If you want to make your own gun or harboured a desire to make a boat perhaps the device you need is a 3D Printer. In principle it sounds easy: just download a 3D model from the net, throw it at the printer, and whatever you desire comes out the other end.
MakerBot's The Replicator
The truth is, it’s not quite that straightforward. We used a Makerbot Replicator to build a physical manifestation of the El Reg vulture. The first challenge was to find an existing model of a vulture, online. All the decent-looking ones and quite a lot of the rubbish ones were expensive.
The Pirate Bay has a section called Physibles but there isn’t much there other than bits of guns and a model of Mark Zuckerberg’s head. Even the much richer model stream of Thingiverse only yielded an eagle.
El Reg vulture in Sketchup
This meant that the only viable option was to build something from modelled on The Register logo. I imported The Register masthead bitmap into SketchUp – the free 3D modelling application Google recently sold to Trimble – and traced around the outline of the vulture head with the line and arc tools. This gave me a modelled, albeit, flat head.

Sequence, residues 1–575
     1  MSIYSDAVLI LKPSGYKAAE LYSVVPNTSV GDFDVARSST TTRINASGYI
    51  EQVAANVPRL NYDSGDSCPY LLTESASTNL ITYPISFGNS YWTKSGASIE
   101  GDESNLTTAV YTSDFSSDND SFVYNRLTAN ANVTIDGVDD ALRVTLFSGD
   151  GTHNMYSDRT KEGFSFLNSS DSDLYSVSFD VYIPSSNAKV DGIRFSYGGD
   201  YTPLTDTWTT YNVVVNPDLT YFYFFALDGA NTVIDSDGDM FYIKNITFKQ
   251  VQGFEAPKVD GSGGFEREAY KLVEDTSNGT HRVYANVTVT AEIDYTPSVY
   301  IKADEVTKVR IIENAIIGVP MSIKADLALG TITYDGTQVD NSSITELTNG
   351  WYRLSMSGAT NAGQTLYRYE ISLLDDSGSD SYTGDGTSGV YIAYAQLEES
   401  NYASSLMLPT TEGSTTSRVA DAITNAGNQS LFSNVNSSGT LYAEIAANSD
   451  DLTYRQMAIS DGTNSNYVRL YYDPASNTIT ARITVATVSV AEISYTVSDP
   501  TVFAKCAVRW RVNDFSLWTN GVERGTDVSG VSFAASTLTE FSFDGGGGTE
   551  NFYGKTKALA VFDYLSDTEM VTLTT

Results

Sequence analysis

Next, using the push tool I lofted it into a 3D shape, choosing a round eye rather than an accurate Reg Vulture eye because of something I had planned for later where a complicated intrusive shape wouldn’t have worked. So with a simple 3D shape modelled it was time to meet the Maker. The Replicator uses the STL file format (alternatively standing for STereoLithography or Standard Tessellation Language depending on who you ask). Fortunately, there is a plug-in for Sketchup which generates .STL files.
Greplicator software showing model
The file can then be read into the Makerbot software called ReplicatorG which produces the GCode script the model is built from. ReplicatorG helps make the model suitable for printing by positioning the shape on the platform and scaling it to fit, all the way up to the maximum size the Replicator can handle.